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The Interview
fiction by Margaret D. Whittle


Category : Fame & Fortune, Fortune

She gazed at her reflection in the mirror.  Fluff out the hair, smooth down the skirt,  practice the smile, unbutton for sexy or add a scarf  to hide the neck wattle.  It had been so long since she had put on the show.  “Ya do what  ya gotta do”, she thought,  “and this could be the one”.   This could be the day it’s finally over.  Forced assurance was never a good thing, but it was better than none at all.

Being unemployed was a tough gig.  Hundreds of resumes had been broadcast.  Out they had gone; snail mail to the big boys, e-mail to whatever links she could find, phone calls to family,  friends and borderline acquaintances.  She had done whatever was needed to find a job and it had become a mission in her life that had morphed into an obsession, the intensity of  which was starting to show.  She had grown weary of all the platitudes from friends.  The “you’re not alone(s),  the  hang in there baby(s), the keep your chin up(s)”,  just made her want to slap someone.  They knew nothing.   She was alone, her chin was on the floor and she was just plain tired of being hung out to dry like some old faded sweatshirt.  Frustration and doubt  had planted themselves  squarely on her spirit where confidence had once thrived.  She was at her wits end.

Now the trick was to get across how qualified she was without them realizing the years  it had taken to gain all that experience.  Youth was in, AARP  was out.   Nobody does old anymore.  They all seemed to want instant proficiency  without having to pay for the struggle involved.  What did these young kids know anyway?  Thirty-five years should account for something or so her inner voice said.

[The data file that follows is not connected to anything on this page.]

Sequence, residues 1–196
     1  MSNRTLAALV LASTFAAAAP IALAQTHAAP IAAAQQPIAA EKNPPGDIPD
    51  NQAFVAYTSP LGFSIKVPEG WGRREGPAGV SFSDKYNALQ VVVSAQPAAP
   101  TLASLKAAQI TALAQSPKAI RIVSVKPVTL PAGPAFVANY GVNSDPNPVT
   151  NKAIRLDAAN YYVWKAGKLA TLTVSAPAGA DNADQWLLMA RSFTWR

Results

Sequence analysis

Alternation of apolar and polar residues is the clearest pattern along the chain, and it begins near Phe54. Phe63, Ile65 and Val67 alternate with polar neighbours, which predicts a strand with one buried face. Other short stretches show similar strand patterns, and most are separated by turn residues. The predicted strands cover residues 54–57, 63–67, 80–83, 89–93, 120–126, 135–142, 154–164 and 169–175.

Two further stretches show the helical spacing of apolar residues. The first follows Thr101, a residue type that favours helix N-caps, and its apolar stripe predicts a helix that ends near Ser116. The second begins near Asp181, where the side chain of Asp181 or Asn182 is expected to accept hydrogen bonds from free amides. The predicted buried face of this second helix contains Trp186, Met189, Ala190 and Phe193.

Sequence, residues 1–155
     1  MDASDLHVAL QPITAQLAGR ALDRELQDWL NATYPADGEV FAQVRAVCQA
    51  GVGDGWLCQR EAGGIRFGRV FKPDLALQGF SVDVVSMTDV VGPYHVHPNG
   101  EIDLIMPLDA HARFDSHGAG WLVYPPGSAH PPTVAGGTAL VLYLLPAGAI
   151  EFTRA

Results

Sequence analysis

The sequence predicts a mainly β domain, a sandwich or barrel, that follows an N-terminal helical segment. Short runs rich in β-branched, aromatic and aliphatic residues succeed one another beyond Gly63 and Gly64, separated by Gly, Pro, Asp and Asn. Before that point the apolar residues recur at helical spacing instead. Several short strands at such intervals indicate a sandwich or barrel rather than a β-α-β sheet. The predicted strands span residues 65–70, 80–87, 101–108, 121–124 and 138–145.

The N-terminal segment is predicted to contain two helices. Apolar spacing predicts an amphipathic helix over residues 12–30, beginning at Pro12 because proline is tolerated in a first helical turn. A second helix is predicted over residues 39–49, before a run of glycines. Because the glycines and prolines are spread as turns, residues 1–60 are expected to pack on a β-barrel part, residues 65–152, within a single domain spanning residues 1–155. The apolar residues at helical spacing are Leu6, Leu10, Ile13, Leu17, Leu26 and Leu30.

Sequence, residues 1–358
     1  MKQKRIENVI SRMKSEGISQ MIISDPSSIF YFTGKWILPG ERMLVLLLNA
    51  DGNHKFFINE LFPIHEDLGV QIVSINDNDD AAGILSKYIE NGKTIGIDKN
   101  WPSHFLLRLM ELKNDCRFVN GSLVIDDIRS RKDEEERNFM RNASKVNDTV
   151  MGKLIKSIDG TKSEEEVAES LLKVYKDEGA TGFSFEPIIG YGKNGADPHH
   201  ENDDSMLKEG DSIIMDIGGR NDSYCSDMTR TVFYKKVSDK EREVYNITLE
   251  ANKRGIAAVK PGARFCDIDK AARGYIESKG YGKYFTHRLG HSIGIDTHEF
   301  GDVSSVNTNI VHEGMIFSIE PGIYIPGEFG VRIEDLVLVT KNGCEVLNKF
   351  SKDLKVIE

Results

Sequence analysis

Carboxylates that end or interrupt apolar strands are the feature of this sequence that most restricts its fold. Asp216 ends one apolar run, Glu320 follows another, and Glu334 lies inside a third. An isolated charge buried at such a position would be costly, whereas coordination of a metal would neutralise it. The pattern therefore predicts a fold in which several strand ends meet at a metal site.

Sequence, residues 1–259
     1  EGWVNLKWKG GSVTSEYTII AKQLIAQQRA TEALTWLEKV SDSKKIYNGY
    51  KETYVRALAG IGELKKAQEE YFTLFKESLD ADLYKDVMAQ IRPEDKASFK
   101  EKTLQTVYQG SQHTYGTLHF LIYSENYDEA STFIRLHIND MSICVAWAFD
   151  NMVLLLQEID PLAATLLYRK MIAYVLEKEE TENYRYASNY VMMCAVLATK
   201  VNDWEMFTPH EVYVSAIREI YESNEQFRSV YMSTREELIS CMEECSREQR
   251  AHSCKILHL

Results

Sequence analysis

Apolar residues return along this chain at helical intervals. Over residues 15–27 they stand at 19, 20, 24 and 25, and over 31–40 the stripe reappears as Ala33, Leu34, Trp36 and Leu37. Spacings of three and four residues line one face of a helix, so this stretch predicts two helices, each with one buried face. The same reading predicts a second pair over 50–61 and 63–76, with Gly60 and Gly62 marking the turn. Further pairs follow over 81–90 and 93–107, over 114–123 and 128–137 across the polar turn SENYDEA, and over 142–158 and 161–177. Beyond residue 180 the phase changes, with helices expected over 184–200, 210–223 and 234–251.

So now the final interview.  The trick was to look the part without being over the top professional.  Qualified yet ageless. Witty not whimsical.  Stand tall and make them pay attention.  She may not have the expedient dexterity of a younger employee, but slow and steady would always get the job done.

She was as ready as she would ever be.  Her references,  she was sure,  had been thoroughly checked out and would all have come through for her, touting  rave reviews on her work.   It was time to go now and head downtown.  Was she going to her future or just revisiting her past?  Show no fear and just let the chips fall , that was going to be her mantra for the day.

The clock was ticking and with one last glance,  the mirror told her all she needed to know.  She was ready and would show them.  Pulling this off  may not be easy, but it was doable.  If nothing else this interview would be one they would remember, she would make sure of that.  She picked up her pink boa and out the door she flew.  Even former Burlesque Queens know,  never keep them waiting.

Comments (5)

Great poetic insight!

Outstanding! Identified completely then spit a drink across the screen at the ending!

What a sprize ending.

Margaret, fantastic to read something a little longer from you (as opposed to T-10). Enjoyed this a great deal, especially the opening paragraph. Well done!

This rocks!

Describing the job interview process and it’s failures, reassurances from friends, etc…so true.

Loved the ending as well. Came out of nowhere but oh, so, welcome.

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